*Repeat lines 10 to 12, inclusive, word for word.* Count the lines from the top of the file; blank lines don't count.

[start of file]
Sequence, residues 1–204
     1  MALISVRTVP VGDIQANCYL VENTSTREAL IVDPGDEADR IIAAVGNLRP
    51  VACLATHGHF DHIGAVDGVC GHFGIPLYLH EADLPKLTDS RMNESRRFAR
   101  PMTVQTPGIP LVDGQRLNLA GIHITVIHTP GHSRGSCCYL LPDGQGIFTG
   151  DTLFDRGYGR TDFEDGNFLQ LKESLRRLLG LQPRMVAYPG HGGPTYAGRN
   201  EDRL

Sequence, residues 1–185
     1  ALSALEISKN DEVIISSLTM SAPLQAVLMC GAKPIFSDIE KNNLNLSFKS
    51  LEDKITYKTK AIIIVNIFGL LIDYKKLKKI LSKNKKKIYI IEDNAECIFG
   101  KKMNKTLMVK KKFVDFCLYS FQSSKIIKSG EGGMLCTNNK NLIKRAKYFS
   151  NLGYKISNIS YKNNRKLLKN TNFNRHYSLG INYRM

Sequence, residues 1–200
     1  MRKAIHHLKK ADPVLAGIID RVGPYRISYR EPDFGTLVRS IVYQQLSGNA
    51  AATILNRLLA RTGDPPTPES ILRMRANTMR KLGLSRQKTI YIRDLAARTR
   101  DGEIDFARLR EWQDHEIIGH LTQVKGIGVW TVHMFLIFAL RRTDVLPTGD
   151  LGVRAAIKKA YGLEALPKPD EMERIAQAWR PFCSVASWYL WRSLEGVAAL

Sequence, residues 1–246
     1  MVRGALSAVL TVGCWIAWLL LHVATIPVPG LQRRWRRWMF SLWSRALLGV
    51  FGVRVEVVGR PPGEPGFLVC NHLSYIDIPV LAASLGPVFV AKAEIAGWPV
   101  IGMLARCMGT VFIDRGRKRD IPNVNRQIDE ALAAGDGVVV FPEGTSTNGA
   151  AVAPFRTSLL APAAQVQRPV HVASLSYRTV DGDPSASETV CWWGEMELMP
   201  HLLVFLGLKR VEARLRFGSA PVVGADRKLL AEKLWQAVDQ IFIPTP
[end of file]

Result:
   101  KKMNKTLMVK KKFVDFCLYS FQSSKIIKSG EGGMLCTNNK NLIKRAKYFS
   151  NLGYKISNIS YKNNRKLLKN TNFNRHYSLG INYRM

Sequence, residues 1–200